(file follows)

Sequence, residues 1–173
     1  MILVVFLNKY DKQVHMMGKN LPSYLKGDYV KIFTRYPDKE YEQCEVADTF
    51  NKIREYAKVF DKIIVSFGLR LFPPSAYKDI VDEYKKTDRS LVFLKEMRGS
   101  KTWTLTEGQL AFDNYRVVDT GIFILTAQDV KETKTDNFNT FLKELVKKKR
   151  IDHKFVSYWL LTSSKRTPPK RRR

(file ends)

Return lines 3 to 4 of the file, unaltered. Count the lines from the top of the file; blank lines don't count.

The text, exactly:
    51  NKIREYAKVF DKIIVSFGLR LFPPSAYKDI VDEYKKTDRS LVFLKEMRGS
   101  KTWTLTEGQL AFDNYRVVDT GIFILTAQDV KETKTDNFNT FLKELVKKKR